Step 3: Align Around the SANS Five Critical Controls: Dragos and the SANS Institute undertook extensive research to discern the most effective measures to counter incidents within Industrial Control System (ICS) environments. These efforts resulted in the formulation of the SANS Five Critical Controls, a concise framework that outlines essential steps manufacturers must take to establish a robust security strategy against genuine threats.
“Threat scenarios simplify the process of risk assessment by identifying and prioritizing vulnerabilities that hold the utmost relevance.”
The SANS Five Critical Controls include:
- Incident Response: To effectively address cybersecurity incidents, it is imperative to envision and plan for the worst-case scenarios. What does a “bad day” look like, and how should your security program respond to such scenarios? Focus on scenarios that hold real relevance to your specific industry and environment, avoiding theoretical exercises in favor of real-life, industry-specific threats. Get a thorough understanding of the risks involved by meticulously examining each scenario from inception to resolution. Select three to four scenarios, like the ones listed above, and reverse-engineer strategies for handling them effectively.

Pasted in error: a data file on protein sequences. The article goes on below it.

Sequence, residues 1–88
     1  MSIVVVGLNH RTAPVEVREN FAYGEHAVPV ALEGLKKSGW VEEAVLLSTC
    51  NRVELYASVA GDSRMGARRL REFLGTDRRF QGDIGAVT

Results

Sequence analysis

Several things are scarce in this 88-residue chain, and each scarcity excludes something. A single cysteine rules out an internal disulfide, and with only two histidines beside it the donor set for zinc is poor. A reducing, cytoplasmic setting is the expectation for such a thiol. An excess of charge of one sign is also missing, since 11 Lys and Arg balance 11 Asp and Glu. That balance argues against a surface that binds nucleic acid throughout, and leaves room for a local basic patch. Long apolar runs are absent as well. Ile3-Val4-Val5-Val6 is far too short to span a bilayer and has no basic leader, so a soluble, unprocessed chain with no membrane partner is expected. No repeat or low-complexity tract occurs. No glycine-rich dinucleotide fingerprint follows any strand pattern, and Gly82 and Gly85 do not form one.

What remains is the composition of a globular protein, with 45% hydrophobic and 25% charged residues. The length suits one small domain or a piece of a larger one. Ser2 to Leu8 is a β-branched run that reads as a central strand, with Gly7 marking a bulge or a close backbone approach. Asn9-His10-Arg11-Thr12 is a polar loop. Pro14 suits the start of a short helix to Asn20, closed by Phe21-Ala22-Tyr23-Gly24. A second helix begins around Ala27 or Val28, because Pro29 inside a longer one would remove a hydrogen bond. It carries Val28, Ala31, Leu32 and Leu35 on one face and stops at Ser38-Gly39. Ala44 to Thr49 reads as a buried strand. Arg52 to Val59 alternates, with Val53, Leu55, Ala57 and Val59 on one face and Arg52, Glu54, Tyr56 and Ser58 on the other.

- Defensible Architecture: A well-designed and segmented architecture forms the bedrock of a defensible cybersecurity strategy. It should empower human defenders to thwart human adversaries effectively. Consider whether your architecture can support the collection of critical data needed for incident response. While IT predominantly deals with data and systems, OT encompasses systems of systems and physics. Failing to account for the transient nature of data in OT can be detrimental during investigations and incident recovery.
- Visibility and Monitoring: Achieving comprehensive visibility across your network is indispensable. It involves monitoring control system protocols and communications within your processes, reinforcing the foundation of a defensible architecture. Operational resilience hinges on the ability to conduct root cause analysis, enabling the detection of threats and understanding the scenarios most likely to impact your environment. This should align with your organization’s unique priorities.